“I think this area’s music scene is, like many things, cyclical,” said Keller. “I feel like I’ve seen enough trends here, regionally. Sometimes there’s just a lot of bands that connect with people, and then maybe it just kinda goes down a little bit, and then it comes back up. Many people don’t say this enough because people seem to age out of going out all the time. … I think there’s a lot of really cool musicians and solo acts. Groups. Everybody. I’m impressed. Just like everything else in the arts, you must look. You always have to seek it out.”
For tickets and information, visit http://www.movemusicfest.com/.
The panel discussion will take place this year at the Hampton Inn in downtown Albany on Saturday, April 29, at 3:30 p.m. Musicians selected to perform at the festival will have access to all panelists as well as two workshops — a guitar clinic and a drum clinic offered at two of the festival venues on the same day.
Joining Keller and Iselin on this year’s panel are:
Nancy Tarr: Music Industry Professor at SUNY Oneonta who has worked for Paramount Pictures, RCA Records, Arista Records and the Recording Industry Association of America. She was the music coordinator on the hit movie “8 Mile.”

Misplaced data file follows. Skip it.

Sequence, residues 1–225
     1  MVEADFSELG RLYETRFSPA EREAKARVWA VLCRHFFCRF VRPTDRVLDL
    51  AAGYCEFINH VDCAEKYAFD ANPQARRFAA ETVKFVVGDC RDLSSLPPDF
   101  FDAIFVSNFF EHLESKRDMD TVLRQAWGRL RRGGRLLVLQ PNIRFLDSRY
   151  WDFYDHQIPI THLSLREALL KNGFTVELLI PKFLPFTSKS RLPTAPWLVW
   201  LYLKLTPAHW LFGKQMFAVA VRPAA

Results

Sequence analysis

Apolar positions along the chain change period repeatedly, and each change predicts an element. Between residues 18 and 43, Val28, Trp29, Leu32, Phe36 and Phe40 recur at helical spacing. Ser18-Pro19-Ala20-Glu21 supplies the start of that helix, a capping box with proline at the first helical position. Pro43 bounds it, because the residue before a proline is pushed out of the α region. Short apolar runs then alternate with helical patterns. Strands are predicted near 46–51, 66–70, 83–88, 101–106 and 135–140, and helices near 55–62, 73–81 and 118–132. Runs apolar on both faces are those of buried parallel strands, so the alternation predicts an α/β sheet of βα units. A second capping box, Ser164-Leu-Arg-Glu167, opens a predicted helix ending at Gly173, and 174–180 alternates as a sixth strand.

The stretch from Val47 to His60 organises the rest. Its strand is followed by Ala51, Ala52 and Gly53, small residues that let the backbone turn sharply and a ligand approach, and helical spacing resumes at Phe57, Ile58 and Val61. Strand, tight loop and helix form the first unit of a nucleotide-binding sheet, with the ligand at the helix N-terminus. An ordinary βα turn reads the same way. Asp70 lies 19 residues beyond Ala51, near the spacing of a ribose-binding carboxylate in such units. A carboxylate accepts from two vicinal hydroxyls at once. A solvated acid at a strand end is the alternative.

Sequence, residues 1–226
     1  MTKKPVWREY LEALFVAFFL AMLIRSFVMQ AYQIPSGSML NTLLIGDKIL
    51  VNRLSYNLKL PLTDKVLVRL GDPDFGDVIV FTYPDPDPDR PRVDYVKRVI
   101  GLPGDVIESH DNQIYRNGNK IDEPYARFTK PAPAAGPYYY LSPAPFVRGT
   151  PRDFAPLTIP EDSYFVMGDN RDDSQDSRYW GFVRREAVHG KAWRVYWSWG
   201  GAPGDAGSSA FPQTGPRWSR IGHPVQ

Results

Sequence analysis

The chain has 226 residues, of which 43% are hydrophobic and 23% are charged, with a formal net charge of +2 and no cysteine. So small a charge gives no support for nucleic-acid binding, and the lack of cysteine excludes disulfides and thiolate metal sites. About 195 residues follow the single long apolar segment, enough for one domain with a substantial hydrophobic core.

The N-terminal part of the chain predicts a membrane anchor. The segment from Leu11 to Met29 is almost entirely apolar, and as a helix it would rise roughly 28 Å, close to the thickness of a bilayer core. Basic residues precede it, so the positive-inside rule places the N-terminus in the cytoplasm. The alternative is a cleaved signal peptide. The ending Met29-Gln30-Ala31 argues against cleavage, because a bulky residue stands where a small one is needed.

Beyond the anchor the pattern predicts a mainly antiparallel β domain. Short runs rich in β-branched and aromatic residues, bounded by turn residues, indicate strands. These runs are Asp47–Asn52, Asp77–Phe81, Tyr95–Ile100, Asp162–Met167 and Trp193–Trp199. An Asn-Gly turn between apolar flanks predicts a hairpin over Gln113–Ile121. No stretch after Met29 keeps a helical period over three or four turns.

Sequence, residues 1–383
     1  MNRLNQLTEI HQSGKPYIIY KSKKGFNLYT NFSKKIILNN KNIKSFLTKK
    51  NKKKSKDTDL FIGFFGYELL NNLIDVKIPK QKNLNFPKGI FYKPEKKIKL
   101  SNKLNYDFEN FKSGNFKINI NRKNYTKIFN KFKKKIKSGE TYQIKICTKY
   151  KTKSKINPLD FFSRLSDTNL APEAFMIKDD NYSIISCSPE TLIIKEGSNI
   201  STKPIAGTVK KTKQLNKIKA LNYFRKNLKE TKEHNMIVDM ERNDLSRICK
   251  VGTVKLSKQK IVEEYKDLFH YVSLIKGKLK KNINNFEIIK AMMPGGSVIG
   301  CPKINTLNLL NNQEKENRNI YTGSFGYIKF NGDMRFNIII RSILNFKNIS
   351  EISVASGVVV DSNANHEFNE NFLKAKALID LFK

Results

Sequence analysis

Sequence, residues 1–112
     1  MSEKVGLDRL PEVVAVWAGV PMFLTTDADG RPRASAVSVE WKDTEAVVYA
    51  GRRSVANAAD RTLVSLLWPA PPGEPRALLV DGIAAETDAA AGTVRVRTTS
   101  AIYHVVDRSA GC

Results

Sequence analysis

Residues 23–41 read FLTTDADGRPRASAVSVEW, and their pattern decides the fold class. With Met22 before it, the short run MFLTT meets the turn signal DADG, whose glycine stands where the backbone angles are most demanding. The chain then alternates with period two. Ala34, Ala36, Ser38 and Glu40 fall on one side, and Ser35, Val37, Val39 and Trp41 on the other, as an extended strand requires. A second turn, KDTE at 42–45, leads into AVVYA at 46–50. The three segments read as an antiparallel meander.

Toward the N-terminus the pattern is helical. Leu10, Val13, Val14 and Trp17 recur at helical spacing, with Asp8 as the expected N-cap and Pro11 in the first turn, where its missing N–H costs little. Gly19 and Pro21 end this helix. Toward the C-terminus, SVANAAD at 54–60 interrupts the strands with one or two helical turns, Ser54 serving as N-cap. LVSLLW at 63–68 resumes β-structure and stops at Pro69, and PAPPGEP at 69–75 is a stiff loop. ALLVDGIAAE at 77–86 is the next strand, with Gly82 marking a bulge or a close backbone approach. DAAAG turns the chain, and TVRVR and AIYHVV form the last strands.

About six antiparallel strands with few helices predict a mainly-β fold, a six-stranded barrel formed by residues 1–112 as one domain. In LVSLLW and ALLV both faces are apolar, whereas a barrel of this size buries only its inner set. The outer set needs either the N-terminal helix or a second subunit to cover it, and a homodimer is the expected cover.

David Bourgeois: Manager and Producer of Bridge Road Entertainment & White Lake Music & Post.David’s clients include Jocelyn & Chris Arndt, Universal Music Group, Discovery Communications, Nickelodeon, HGTV and TLC, among others.
Patrick MacDougall: Audio engineer and adjunct professor at Syracuse University, with over 25 years of audio engineering experience. He has worked for some of the biggest names in the business from The Band to Coolio to Madonna. Patrick has also represented Solid State Logic as product specialist, as well as working with Microsoft co-founder Paul Allen as a studio operations manager for Vulcan, Inc.
Paul Green: Founder of the “School of Rock” music schools, now an international chain with over 200 locations. Paul is currently working on a college level music school, Woodstock Music Lab, as a joint venture with Woodstock Festival promoter Michael Lang, and has co-founded a new kids music school called The Paul Green Rock Academy with branches in Saugerties and Washingtonville NYC.